We recently launched a range of socially responsible investment portfolios, that consider environmental, social and governance (ESG) issues alongside traditional investment metrics. But why should investors consider ESG and how can it identify risks and opportunities?
Studies show that ESG matters
As we discuss in our whitepaper, the consideration of non-financial metrics in investment decision making is not a new concept – many Investors have long had a framework to consider the risk from ESG issues and have long understood the value of doing so.
However, the quality and scale of non-financial data has improved dramatically over the past decade, permitting a deeper insight and understanding into topics that will heavily influence the future operating environment for companies, such as climate change and demographical shifts.
This has increasingly led the investment community to conclude that ESG criteria can no longer be ignored, given that the risks and opportunities this data presents have the potential to materially affect investment returns, particularly over the long term.
This conclusion is also supported by academic research. For example, a 2016 study by academics at the University of Minnesota, Harvard Business School and North Western University found that ‘firms with good ratings on material sustainability issues significantly outperform firms with poor ratings on these issues’
Where there’s smoke, there’s sometimes fire
If you follow the financial industry and broader press, you may recently have seen many headlines about automotive manufacturer and dealer Nissan. It hasn’t been Nissan’s latest models that have been drawing the attention.
On the 19th of November, Nissan announced its chairman, and one of the auto industry’s most influential figures, had been arrested alongside another senior colleague.
The two employees stand accused of misstating annual compensation, in addition to other acts of misconduct such as the personal use of company assets. If true, the charges would represent a serious failure in governance, and while both individuals had yet to be formally charged or tried, the impact on Nissan shares was immediate – a 5.5% drop over the course of the day.
However, the damage wasn’t limited to Nissan alone. This is because the company has an alliance with Renault and Mitsubishi, which saw Nissan’s chairman also serve as the CEO and Chairman of Renault, and Chairman of Mitsubishi Motors. Renault’s share price fell 13% on the day of the arrests, while Mitsubishi was down over 6%.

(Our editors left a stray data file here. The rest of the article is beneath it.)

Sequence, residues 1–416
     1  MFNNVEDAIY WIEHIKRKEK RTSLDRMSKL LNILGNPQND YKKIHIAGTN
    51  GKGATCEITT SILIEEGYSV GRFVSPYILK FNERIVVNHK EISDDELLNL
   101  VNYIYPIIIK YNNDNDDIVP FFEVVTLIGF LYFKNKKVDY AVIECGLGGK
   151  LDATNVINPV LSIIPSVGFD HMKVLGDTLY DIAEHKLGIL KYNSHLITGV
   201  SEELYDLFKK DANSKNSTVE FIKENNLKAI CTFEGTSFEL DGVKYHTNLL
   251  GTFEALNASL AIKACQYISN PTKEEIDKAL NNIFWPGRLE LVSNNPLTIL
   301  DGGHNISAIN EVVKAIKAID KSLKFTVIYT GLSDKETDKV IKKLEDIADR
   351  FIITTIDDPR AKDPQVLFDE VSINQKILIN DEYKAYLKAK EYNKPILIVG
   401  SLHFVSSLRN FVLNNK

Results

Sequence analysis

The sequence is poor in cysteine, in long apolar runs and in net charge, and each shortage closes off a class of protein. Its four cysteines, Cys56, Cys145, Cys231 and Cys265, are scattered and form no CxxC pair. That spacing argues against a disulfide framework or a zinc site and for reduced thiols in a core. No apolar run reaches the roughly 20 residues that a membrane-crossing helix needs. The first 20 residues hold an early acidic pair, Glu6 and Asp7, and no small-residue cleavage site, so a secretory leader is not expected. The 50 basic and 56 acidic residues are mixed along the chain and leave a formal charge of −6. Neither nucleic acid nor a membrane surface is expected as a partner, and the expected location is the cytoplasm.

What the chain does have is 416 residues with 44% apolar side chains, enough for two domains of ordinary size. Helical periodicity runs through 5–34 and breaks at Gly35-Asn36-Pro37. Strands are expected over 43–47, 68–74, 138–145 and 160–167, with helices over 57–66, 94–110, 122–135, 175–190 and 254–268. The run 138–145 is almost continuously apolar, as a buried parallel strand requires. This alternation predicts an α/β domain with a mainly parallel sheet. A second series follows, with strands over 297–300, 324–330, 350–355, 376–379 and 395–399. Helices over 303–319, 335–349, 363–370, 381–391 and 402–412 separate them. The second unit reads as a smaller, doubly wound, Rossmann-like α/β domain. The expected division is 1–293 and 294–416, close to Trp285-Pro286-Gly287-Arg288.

Governance issues were well-flagged by ESG analysis
Issues with corporate governance at Nissan would have been little surprise to anyone who had seen MSCI’s ESG research on the company. For some time, MSCI has flagged key concerns about the effectiveness of Nissan’s board. This includes:
- The combined non-independent chairmanship of all three companies in the alliance
- The lack of independent directors or diversity within the board composition
- The entrenchment of long-time company insiders at board and management level
MSCI specifically flagged the lack of protection for minority shareholders’ interests and absence of an independent audit board or committee as an additional reason to be concerned about the board’s ability to oversee management. Most tellingly, MSCI noted that executive pay practices at Nissan raises significant concern, particularly in the areas of disclosure and alignment of management interests. It concluded that the company’s disclosures and reporting practices warrant close attention from investors.
But Nissan’s issues weren’t just limited to governance. From an environmental perspective, MSCI noted that Nissan was at risk of missing its EU fleet emissions target, and so stood to face large fines. MSCI also highlighted significant issues with labour management and product safety following large numbers of recalls in 2017.
It’s for these reasons that MSCI already classified Nissan as amongst the lowest scoring companies in the automotive industry, and amongst the worst scoring for involvement in ESG controversies. In fact, MSCI had downgraded Nissan’s rating to the lowest relative industry level in September, following Nissan’s admission earlier in 2018 that it had falsified emissions data at some of its plants. But the trend in MSCI’s ratings for Nissan had been declining significantly since 2015, when Nissan’s rating reflected that of the average in the automotive industry.
What this means for socially responsible portfolios
Because of these ratings, Nissan is not held in Nutmeg’s socially responsible portfolios. Nissan serves as a good example of the value that can be added by considering ESG criteria in investment decision making.
Next, it might help you to understand how we go about excluding companies and industries more broadly, using MSCI research.
- Kahn, Serafeim & Yoon, ‘Corporate Sustainability: First Evidence on Materiality’, The Accounting Review, Vol. 91, No. 6, pp. 1697-1724.
Source for performance data: Bloomberg
As with all investing, your capital is at risk. The value of your portfolio with Nutmeg can go down as well as up and you may get back less than you invest. Past performance and forecasts are not reliable indicators of future performance.